Divorce is one of the times you can access your IRA or 401(k) before retirement and pay no tax. This happens if the judge assigns part of your account to your spouse in the divorce settlement. In that case you can tap the account tax-free in order to comply with the divorce order. You spouse may receive some, all or none of your retirement account, depending on your situation.
Unless you have a prenup that says the account is all yours, your spouse probably has at least some claim on it. If you started the account after you married, it's marital property. If you married after opening the account but contributed money to the account during the marriage, at least some of the assets are marital property. In a community property state, she's entitled to a 50 percent split of marital assets. In common-law states, the split doesn't have to be equal but it does have to be fair.
You don't have to divide up every marital asset right down the line. If you have, say, a $200,000 house and a $200,000 IRA, you and your spouse could split both assets 50 percent each or you could keep the house and he could get the retirement account. In any given case, it depends on what the two of you think is fair and how the judge applies state and -- for 401(k)s and workplace accounts -- federal law.
Even if you, your spouse and the judge agree on what's fair, you still have to translate your agreement into a divorce order. That's harder than you might think, which is why many people hire attorneys even for amicable divorces when retirement plans are involved. Suppose you agree that your spouse gets half of your $150,000 IRA but the divorce order says he gets $75,000. If the market crashes and your account is only worth $100,000, suddenly your spouse is getting 75 percent. Vague statements about "dividing retirement benefits in half" are even worse.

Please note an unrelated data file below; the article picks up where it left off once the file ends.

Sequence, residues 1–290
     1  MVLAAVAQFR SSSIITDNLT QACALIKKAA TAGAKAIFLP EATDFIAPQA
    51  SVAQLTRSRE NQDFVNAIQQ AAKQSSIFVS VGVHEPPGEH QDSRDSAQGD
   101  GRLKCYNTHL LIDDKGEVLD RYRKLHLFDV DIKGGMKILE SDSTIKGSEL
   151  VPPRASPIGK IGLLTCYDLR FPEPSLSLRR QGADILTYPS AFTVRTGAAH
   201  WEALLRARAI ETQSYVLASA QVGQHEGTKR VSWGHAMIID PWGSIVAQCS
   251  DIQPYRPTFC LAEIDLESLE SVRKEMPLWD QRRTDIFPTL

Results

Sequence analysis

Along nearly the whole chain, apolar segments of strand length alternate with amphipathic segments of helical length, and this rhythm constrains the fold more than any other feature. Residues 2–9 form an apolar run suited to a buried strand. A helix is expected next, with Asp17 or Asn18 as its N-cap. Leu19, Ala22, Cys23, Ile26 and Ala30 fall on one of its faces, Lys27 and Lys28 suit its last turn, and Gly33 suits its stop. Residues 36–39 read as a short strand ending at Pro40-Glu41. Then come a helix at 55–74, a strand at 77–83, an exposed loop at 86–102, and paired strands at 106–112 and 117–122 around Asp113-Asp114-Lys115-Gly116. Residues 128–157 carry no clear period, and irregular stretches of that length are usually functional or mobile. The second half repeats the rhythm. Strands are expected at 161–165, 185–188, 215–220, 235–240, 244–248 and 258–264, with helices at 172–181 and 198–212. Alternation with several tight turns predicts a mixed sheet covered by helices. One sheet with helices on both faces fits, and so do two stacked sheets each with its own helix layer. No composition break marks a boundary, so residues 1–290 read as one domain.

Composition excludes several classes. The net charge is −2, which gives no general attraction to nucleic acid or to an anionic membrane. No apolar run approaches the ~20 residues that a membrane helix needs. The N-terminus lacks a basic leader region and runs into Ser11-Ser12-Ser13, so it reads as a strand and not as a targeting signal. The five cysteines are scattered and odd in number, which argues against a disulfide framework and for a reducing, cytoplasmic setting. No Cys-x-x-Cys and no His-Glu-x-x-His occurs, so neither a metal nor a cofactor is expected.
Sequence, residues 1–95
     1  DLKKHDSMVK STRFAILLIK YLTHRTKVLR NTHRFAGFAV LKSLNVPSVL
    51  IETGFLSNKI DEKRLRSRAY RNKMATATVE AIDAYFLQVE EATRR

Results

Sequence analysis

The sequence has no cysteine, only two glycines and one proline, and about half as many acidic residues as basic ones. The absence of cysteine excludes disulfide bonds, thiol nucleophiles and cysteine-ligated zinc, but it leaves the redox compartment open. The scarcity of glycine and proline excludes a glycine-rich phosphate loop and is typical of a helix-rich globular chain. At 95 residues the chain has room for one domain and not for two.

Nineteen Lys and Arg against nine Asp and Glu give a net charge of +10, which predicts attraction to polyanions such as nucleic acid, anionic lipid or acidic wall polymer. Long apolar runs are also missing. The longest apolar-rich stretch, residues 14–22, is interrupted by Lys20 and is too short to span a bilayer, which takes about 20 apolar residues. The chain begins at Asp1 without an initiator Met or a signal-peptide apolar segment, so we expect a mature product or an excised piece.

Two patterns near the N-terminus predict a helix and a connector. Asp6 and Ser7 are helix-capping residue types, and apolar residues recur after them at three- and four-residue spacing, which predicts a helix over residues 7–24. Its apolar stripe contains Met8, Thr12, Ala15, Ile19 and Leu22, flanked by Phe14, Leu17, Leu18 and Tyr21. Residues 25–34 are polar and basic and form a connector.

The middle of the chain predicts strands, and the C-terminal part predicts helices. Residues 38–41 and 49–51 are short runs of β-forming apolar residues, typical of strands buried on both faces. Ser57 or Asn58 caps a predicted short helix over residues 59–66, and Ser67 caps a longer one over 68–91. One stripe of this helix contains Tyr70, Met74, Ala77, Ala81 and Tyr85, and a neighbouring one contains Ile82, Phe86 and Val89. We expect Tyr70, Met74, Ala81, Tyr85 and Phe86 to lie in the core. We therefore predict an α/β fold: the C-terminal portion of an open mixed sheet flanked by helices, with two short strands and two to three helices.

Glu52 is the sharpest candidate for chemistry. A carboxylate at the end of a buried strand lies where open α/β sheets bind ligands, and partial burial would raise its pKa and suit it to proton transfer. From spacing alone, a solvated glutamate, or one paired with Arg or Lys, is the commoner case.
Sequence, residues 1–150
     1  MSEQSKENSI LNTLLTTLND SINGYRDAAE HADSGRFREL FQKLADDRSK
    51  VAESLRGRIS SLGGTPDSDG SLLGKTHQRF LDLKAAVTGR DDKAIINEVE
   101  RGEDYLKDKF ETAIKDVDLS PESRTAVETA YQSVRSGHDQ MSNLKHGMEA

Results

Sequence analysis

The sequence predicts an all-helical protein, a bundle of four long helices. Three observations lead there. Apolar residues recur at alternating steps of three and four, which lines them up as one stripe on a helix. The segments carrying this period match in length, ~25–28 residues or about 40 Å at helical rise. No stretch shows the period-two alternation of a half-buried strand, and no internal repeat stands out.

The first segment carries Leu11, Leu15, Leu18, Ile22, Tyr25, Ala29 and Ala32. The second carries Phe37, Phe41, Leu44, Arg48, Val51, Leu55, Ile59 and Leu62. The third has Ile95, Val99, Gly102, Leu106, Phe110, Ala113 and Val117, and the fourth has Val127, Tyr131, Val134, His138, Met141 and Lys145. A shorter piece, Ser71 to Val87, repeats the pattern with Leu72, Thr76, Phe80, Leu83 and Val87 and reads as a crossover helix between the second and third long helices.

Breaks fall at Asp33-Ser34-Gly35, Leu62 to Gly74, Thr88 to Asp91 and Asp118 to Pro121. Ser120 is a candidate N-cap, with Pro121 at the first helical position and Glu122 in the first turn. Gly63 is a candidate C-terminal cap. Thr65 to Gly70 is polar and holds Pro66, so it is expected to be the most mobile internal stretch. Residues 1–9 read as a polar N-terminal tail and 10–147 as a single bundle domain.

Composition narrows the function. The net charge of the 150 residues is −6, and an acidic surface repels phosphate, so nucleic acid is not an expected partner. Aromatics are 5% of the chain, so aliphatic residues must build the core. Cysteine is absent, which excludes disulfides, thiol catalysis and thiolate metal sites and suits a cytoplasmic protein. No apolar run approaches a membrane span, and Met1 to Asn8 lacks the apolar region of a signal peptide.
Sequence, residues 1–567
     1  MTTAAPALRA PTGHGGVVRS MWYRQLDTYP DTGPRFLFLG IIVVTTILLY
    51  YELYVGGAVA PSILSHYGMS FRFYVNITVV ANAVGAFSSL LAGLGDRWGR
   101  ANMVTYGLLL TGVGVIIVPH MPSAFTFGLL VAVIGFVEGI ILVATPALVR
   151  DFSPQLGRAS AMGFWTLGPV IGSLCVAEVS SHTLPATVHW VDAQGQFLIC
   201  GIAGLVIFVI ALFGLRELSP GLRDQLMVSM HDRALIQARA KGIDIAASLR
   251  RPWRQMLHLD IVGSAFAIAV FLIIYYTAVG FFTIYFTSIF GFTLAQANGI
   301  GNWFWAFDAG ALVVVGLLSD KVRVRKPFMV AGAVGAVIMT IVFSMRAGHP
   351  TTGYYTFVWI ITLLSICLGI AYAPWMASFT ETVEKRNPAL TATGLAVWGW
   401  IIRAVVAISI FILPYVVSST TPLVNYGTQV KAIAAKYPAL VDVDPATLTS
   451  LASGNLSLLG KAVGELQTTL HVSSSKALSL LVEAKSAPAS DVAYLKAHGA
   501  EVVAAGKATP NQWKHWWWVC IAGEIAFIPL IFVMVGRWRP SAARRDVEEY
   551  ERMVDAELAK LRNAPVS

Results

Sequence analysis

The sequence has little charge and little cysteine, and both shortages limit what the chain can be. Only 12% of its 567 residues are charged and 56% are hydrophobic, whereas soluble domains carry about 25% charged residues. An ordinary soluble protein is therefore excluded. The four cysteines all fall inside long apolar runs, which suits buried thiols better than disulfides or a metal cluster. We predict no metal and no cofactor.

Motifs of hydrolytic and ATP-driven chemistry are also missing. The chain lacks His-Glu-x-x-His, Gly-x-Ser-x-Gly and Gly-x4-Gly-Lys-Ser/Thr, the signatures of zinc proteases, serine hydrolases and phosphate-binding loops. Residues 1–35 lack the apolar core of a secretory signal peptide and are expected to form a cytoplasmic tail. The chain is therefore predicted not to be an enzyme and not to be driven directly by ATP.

If you receive a pension plan, your spouse may be entitled to share that too. The rules for dividing it up vary, depending on whether you're getting it from a private employer, the federal government, the military, or a state or local government. Government and military pensions, for instance, come with ground rules with regard to how long the two of you have to be married in order for your spouse to make a claim. It can be difficult to value and divide a pension, and dividing a pension typically requires a document known as a QDRO -- a qualified domestic relations order -- specifying who will receive what and when. The document has to be worded precisely, and most people therefore hire a professional for this task.
You have to follow the law exactly when you divide up the account. With an IRA, for example, you can roll your money into your spouse's IRA without paying tax on the withdrawal. If you simply write him a check, the IRS treats it as a regular withdrawal. If you're younger than 59 1/2, that would trigger income tax and a 10 percent tax penalty on the withdrawal -- and your spouse isn't obligated to pay any of the tax.
- U.S. News: How Divorce Affects Retirement Benefits
- Forbes: Understanding How Assets Get Divided in Divorce
- Wall Street Journal: Splitting Up Nest Eggs
- Smart Money: Splitting Your Retirement Accounts
- Forbes: How Divorcing Women Should Handle Retirement Accounts and Pension Plans
- Military.com: Military Divorce: Dividing Children, Pay & Pensions
- North Carolina Bar Association: Fear of FERS: A Primer for Federal Pension Division
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